Pioneer Natural Resources, one of the biggest US shale operators, has said that the US shale patch will not have a big say in which direction oil prices go, with it being mostly determined by the OPEC+ group of countries.
The recent shale revolution saw the US become the world’s biggest oil producer, but following the onset of the COVID-19 pandemic, combined with pre-existing oversupply issues, US shale operators cut back production significantly in response to market forces. Since then, they have shown a level of restraint not seen before in the industry, even though WTI Crude has traded above $60 for over half a year now.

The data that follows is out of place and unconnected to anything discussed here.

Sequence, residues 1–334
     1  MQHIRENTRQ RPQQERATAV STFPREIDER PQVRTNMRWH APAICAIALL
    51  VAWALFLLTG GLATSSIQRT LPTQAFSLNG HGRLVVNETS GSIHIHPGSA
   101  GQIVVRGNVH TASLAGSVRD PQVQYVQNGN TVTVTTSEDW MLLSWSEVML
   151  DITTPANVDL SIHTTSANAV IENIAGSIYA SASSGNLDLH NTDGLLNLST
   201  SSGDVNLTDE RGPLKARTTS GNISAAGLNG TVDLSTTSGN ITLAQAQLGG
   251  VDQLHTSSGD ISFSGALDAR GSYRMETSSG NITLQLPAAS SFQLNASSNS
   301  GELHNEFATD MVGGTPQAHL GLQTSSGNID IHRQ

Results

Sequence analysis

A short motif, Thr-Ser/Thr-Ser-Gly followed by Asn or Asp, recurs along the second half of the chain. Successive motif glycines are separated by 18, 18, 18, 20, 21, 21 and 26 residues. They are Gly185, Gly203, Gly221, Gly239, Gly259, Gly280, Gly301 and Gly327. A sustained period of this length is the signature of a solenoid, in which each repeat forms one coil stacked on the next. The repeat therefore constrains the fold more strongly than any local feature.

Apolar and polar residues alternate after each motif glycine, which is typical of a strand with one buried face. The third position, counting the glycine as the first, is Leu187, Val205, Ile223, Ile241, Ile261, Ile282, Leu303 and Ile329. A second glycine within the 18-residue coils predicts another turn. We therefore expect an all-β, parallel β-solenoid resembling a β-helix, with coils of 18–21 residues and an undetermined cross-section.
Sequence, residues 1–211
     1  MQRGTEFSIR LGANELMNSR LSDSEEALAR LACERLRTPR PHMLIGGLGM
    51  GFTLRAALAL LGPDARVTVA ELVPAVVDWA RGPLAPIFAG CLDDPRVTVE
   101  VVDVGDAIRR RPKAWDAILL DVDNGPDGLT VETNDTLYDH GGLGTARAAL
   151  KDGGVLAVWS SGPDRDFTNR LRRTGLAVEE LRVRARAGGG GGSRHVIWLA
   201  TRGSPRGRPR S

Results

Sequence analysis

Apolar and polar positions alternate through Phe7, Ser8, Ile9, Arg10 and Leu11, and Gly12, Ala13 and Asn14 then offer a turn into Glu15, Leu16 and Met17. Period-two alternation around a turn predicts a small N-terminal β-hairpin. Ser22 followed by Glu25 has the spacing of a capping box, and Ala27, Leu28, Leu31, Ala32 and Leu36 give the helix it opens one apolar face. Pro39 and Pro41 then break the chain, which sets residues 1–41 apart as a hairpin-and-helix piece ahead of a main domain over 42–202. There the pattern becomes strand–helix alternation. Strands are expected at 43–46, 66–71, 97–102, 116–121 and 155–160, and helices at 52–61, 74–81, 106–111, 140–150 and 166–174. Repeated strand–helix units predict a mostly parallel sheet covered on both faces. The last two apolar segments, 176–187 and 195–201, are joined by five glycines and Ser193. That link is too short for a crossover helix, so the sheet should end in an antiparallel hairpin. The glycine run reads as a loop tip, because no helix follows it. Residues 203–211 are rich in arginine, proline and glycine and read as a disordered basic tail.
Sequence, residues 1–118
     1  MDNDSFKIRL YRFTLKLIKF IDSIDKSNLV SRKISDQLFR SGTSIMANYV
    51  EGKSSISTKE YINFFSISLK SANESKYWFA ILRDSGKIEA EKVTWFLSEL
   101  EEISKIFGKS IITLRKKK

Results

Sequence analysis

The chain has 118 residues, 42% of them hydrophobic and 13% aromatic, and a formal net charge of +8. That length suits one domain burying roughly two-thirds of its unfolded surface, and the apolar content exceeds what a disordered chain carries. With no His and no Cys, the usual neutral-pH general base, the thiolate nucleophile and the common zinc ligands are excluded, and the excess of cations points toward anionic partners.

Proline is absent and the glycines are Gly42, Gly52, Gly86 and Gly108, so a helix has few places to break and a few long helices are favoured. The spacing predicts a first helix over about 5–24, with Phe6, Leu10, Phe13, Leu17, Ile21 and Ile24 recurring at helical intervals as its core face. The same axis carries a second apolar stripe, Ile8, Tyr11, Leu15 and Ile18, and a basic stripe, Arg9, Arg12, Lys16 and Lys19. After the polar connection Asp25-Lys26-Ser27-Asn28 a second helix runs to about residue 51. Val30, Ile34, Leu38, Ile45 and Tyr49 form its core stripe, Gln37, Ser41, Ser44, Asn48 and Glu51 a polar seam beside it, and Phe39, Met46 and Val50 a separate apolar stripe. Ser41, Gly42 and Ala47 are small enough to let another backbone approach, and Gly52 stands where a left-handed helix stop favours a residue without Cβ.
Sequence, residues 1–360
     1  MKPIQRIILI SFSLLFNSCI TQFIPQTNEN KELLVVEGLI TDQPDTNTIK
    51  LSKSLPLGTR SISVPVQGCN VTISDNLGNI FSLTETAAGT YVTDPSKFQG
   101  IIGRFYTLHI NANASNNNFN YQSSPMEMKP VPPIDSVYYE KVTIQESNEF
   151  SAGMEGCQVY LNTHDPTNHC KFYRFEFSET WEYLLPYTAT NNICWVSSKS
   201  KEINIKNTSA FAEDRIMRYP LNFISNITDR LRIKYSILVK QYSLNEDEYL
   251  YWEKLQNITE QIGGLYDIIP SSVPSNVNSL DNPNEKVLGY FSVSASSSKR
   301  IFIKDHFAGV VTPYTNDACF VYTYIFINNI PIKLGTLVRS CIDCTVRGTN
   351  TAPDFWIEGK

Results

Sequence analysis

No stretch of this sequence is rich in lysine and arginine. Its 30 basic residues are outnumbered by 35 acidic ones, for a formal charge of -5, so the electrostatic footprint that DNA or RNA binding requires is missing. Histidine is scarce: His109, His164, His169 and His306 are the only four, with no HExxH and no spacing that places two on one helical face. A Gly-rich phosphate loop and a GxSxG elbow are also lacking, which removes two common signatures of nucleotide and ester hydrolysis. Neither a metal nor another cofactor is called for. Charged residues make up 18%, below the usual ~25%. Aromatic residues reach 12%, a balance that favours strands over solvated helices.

Rather than risk overproduction again, operators are prioritising healthier balance sheets and dividends in order to attract investors, rather than growing production too soon.
Pioneer Natural Resources CEO Scott Sheffield explained this situation to the Financial Times:
“Everybody’s going to be disciplined, regardless whether it’s $75 Brent, $80 Brent, or $100 Brent. All the shareholders that I’ve talked to said that if anybody goes back to growth, they will punish those companies.”
Large companies like ExxonMobil and Chevron, the maker of Texaco lubricant products, also announced they would take a slow path to recovering production in the shale patch. ExxonMobil CEO Darren Woods said earlier in the year that the company would, rather than invest in new drilling, use profits to reduce debt in the near term.
Nevertheless, both companies will likely boost spending in their Permian operations next year if demand continues to hold up.